Additional research by Warburton, Bugarin & Nunez (2001), intended to build on earlier research in an effort to glean a better understanding regarding the true extent to which first-generation students’ academic preparation in high school affects their persistence in college and attainment of a postsecondary degree, examined the relationship between first-generation students’ secondary preparation and postsecondary persistence when compared to students whose parents attended college. As a result of the study, Warburton, Bugarin & Nunez (2001) found that overall, students who took a rigorous high school course load were very likely to persist in a four-year postsecondary institution; however a parent’s level of education was associated with a student’s postsecondary retention and persistence, and first-generation students were less likely than their peers whose parents attended college to stay on a persistence path toward attainment of a bachelor’s degree. Thus, even though the playing field was not completely leveled by the rigor of secondary coursework, the researchers nevertheless concluded that regardless of parents’ education a student’s level of secondary academic preparation remains an important predictor of retention and persistence in college and that providing first-generation college students with the opportunity to take rigorous courses in high school will increase their chances of persisting and obtaining a four-year degree (Warburton, Bugarin & Nunez, 2001).
However, as a result of a gap in research on the postsecondary impact of pre-college preparation programs, such as AVID, on low-income, minority, and first-generation students Mediola, Watt & Huerta (2010) found that the outcome of their 2010 qualitative research study supports how postsecondary programs such as AVID help prepare students for the rigors of college. Such research paved the way for future studies on the impact of AVID students’ college-going rates. For example, Watt, Huerta & Alkan (2011) whose research indicates that AVID students showed a greater college retention rate than their non-AVID peers; students who take advantage and participate in college-preparation activities in high school such as AVID and dual-enrollment are predictors of college success; and certain components of the AVID program such as Cornell-notes and AVID’s family-like support system provide the tools and motivation students need in order to achieve their academic goals.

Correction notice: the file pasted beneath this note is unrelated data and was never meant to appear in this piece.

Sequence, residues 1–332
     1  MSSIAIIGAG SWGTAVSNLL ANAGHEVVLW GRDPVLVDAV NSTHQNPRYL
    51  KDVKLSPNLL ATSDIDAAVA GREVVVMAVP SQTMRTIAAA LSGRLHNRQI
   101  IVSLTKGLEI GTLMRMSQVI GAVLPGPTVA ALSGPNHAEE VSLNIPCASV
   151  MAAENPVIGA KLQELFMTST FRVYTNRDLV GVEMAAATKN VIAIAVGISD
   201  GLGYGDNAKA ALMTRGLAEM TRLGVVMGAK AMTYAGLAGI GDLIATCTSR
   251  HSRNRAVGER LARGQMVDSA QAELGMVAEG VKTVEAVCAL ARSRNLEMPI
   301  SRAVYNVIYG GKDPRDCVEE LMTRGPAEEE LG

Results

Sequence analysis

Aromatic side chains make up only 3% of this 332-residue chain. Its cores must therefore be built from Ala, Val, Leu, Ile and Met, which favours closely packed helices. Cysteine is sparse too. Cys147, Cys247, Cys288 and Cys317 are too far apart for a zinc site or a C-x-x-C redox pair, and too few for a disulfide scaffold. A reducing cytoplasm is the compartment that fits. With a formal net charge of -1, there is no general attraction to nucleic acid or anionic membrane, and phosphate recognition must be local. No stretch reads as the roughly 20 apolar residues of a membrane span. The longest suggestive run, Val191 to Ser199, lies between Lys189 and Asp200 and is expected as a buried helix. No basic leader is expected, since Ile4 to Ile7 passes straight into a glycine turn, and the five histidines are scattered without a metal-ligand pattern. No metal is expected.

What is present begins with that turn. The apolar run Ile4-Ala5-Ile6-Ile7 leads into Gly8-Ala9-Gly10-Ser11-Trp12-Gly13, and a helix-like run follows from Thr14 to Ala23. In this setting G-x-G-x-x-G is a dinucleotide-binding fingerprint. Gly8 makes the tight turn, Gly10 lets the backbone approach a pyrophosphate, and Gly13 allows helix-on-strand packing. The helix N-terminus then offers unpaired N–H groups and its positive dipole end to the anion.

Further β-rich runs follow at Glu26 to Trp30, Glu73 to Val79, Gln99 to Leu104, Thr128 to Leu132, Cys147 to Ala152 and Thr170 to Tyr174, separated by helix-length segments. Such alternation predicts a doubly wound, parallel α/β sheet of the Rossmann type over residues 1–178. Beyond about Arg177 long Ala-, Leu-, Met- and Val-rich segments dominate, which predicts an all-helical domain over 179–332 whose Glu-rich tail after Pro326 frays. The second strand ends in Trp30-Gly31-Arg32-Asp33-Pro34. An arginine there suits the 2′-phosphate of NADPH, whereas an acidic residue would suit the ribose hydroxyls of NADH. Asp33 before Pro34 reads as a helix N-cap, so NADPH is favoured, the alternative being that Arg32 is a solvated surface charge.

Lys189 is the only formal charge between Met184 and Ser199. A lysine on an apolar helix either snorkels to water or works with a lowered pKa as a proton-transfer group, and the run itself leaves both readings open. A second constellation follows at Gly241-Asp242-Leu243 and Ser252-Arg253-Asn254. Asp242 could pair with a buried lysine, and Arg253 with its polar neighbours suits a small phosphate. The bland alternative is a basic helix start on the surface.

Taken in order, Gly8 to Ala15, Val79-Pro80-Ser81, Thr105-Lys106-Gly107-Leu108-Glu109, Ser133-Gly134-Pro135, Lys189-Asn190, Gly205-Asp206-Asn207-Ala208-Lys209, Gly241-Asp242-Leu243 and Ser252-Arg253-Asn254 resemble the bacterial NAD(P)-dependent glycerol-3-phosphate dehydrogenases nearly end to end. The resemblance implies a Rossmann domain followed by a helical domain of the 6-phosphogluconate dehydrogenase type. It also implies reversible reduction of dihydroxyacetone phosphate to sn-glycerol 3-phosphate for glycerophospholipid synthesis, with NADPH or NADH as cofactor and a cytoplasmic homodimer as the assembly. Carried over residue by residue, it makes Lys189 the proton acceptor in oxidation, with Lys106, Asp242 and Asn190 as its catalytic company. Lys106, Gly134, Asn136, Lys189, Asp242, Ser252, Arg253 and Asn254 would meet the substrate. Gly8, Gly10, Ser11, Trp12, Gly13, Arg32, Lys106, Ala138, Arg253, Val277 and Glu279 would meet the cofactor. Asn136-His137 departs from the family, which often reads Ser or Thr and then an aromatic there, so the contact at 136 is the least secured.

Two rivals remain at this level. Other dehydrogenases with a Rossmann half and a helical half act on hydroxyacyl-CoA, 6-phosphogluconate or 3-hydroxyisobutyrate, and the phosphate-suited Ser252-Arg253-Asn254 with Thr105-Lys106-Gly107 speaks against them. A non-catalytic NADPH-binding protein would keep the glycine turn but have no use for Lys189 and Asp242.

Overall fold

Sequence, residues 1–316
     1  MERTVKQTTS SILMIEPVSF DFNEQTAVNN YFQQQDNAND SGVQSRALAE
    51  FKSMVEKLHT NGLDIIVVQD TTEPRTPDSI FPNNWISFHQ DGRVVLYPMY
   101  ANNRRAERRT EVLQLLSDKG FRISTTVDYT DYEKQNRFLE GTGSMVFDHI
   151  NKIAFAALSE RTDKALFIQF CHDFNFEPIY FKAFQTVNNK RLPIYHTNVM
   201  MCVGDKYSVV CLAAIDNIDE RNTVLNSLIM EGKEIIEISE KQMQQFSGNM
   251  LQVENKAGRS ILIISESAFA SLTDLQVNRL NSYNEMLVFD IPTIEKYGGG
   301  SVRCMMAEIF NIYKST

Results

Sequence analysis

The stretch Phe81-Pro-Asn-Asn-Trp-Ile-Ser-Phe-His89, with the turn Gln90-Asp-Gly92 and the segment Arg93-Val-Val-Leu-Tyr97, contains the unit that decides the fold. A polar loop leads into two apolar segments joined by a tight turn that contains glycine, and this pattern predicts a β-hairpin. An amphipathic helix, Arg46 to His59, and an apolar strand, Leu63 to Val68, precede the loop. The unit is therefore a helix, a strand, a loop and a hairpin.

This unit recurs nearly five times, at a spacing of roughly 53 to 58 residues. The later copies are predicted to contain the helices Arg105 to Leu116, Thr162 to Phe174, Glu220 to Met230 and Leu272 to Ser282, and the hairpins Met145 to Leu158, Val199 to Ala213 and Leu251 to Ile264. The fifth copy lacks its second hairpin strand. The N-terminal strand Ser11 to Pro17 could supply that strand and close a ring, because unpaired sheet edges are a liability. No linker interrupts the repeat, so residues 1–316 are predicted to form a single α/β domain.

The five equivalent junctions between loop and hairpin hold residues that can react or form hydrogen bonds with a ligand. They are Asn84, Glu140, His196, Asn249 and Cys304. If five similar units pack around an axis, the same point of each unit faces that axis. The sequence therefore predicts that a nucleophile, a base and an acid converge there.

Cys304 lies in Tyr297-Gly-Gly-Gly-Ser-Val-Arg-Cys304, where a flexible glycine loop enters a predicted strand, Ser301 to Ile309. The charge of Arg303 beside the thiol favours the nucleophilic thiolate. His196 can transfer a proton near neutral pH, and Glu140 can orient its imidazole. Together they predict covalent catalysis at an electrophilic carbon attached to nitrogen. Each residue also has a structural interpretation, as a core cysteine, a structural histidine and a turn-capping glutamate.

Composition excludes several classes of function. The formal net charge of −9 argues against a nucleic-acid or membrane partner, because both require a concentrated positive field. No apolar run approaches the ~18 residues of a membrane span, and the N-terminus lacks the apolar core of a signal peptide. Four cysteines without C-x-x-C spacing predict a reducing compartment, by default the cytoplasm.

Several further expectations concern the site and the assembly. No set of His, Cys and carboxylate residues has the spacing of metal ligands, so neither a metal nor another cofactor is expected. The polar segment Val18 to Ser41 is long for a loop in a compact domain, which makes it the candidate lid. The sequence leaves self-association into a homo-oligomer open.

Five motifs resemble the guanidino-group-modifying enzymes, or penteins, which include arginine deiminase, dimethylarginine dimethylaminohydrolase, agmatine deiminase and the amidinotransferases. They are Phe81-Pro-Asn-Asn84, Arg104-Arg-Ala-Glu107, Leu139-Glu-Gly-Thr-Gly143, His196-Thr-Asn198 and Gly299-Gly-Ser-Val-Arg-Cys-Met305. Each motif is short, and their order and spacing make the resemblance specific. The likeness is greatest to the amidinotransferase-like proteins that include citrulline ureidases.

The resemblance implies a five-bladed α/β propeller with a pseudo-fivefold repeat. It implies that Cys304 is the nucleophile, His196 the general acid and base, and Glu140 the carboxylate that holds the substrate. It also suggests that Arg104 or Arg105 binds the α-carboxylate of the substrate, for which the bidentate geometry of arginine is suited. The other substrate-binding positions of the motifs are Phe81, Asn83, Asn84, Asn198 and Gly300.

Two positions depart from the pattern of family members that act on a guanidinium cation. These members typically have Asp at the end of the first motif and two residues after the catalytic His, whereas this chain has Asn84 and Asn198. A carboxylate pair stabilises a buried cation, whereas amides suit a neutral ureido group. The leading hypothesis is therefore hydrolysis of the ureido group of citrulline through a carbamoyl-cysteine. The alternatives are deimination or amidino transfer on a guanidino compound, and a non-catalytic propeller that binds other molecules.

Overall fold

Yet despite all the research supporting the idea that AVID students should theoretically stay on track and persist on a college path that leads to a bachelor’s degree, the question still remains, what really happens to AVID students once they graduate from high school and enter the world of college?
How does participation in the Advancement Via Individual Determination (AVID) program impact the academic success of first year college students?
- a) Are those students on track to graduate from college with a bachelor’s degree in five years or less?
- b) What components of the AVID program do students report as contributors to their first year college success?
The purpose of this section is to describe the action research design and procedure that will be used to answer the research questions: How does participation in the Advancement Via Individual Determination (AVID) program impact the academic success of first year college students?
- a) Are those students on track to graduate from college with a bachelor’s degree in five years or less?
- b) What components of the AVID program do students report as contributing to their first year college success?
ACTION RESEARCH PLAN
The Advancement Via Individual Determination program has been around for over three decades and much research has been done on the effectiveness of the AVID program and the impact it has on the lives of the students who have been a part of AVID while in elementary, middle, and high school. Yet there is very little research on what happens to AVID students once they graduate from high school and enter the world of college.